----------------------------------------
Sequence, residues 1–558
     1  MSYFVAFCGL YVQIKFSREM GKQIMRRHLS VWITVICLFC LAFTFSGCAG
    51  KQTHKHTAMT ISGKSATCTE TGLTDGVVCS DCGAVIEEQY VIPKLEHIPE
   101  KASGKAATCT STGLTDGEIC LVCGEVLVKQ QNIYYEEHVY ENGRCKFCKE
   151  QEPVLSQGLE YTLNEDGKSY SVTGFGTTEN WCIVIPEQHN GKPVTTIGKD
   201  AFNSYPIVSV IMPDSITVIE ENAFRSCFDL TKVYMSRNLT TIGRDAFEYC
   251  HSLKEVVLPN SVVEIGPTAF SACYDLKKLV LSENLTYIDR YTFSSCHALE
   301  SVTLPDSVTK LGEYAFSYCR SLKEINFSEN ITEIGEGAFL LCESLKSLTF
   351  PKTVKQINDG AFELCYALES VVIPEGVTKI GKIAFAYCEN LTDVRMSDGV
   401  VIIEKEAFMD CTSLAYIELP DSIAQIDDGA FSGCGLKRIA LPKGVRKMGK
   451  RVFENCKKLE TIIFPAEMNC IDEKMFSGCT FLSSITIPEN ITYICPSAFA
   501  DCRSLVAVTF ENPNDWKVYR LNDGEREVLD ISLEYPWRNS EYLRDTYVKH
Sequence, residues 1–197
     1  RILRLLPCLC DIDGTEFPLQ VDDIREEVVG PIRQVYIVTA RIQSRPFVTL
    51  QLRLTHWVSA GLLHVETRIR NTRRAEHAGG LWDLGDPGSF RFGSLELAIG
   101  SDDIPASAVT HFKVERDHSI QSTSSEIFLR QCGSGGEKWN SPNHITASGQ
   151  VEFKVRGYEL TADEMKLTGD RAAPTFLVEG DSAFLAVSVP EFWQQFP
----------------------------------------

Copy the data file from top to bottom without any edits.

Sequence, residues 1–558
     1  MSYFVAFCGL YVQIKFSREM GKQIMRRHLS VWITVICLFC LAFTFSGCAG
    51  KQTHKHTAMT ISGKSATCTE TGLTDGVVCS DCGAVIEEQY VIPKLEHIPE
   101  KASGKAATCT STGLTDGEIC LVCGEVLVKQ QNIYYEEHVY ENGRCKFCKE
   151  QEPVLSQGLE YTLNEDGKSY SVTGFGTTEN WCIVIPEQHN GKPVTTIGKD
   201  AFNSYPIVSV IMPDSITVIE ENAFRSCFDL TKVYMSRNLT TIGRDAFEYC
   251  HSLKEVVLPN SVVEIGPTAF SACYDLKKLV LSENLTYIDR YTFSSCHALE
   301  SVTLPDSVTK LGEYAFSYCR SLKEINFSEN ITEIGEGAFL LCESLKSLTF
   351  PKTVKQINDG AFELCYALES VVIPEGVTKI GKIAFAYCEN LTDVRMSDGV
   401  VIIEKEAFMD CTSLAYIELP DSIAQIDDGA FSGCGLKRIA LPKGVRKMGK
   451  RVFENCKKLE TIIFPAEMNC IDEKMFSGCT FLSSITIPEN ITYICPSAFA
   501  DCRSLVAVTF ENPNDWKVYR LNDGEREVLD ISLEYPWRNS EYLRDTYVKH
Sequence, residues 1–197
     1  RILRLLPCLC DIDGTEFPLQ VDDIREEVVG PIRQVYIVTA RIQSRPFVTL
    51  QLRLTHWVSA GLLHVETRIR NTRRAEHAGG LWDLGDPGSF RFGSLELAIG
   101  SDDIPASAVT HFKVERDHSI QSTSSEIFLR QCGSGGEKWN SPNHITASGQ
   151  VEFKVRGYEL TADEMKLTGD RAAPTFLVEG DSAFLAVSVP EFWQQFP